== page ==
Opotiki To Investigate All Weather Harbour
Opotiki assisted in investigating all weather harbour
A social and economic impact study of proposals to give year round, all weather access and develop commercial boat facilities at Opotiki Harbour, is to go ahead with part-funding from central government, Industry and Regional Development Minister Jim Anderton said today.
The Opotiki District Council is to seek specialist advice on the social and economic impacts of removing the sandbar from the Opotiki Harbour. The easier access given to mussel and large charter boats would support the development of the region’s aquaculture and on-shore processing industry.
A grant of $20,000 comes from the Ministry of Economic Development’s Regional Initiatives Fund. The Ministry for Social Development will also contribute $20,000. The region will fund the remaining $40,000 needed for the study.
“Opening up the harbour has the potential to be a significant catalyst for economic development in the Eastern Bay of Plenty”, Jim Anderton said.
“But the fact is that many smaller local authorities, like the Opotiki District Council, need support to carry out the detailed social and economic impact research to back up a proposal like this.
“This initiative has been identified in the Eastern Bay of Plenty’s regional economic development strategy, and has the potential to create new job opportunities for many New Zealanders,” Jim Anderton said.
The Minister for Regional Development said the purpose of the study is to assess and document the impact of the harbour development on the Eastern Bay of Plenty region. This will provide information that the region needs to develop a sound business case as well as informing potential funding organisations about the value of the development.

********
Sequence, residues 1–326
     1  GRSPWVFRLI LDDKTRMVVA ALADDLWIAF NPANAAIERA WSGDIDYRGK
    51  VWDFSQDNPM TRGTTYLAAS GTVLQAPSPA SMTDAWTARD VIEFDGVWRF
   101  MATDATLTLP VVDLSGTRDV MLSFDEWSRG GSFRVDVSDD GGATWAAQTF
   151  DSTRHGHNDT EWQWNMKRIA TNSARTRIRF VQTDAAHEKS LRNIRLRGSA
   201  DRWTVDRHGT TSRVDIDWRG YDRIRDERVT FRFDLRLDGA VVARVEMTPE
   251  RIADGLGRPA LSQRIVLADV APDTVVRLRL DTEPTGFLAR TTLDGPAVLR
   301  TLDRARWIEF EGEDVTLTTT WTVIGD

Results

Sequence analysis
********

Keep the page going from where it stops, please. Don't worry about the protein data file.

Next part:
The Regional Initiatives Fund (RIF) is a discretionary fund administered by the Ministry of Economic Development. Each application is sent to the Minister for Economic, Industry and Regional Development for approval.
On average 20 projects through RIF are funded in each year. RIF grants range in value between $28,000 to $200,000 with most between $50,000 and $70,000. The majority of RIF grants are paid to territorial local authorities. In some cases, the council holds the money on behalf of groups that are not a legal entity. Each application is based on partial funding on a case by case basis. A ‘local contribution’ is an essential part of any RIF application.
The purpose of the RIF is to provide support for regional projects that are consistent with economic, social and environmental objectives but cannot be funded through other Government assistance programmes. A region is defined as a geographical concentration of communities with similar economic, social and environmental characteristics and objectives.
The Regional Initiatives Fund was created to provide catalyst funding for regional projects that fall outside the criteria of existing Government assistance programmes, but have the potential to leverage economic growth as well as meet Government objectives for economic, social and environmental development.
Funding is only paid out on the completion
of agreed milestones, and is monitored by the Ministry of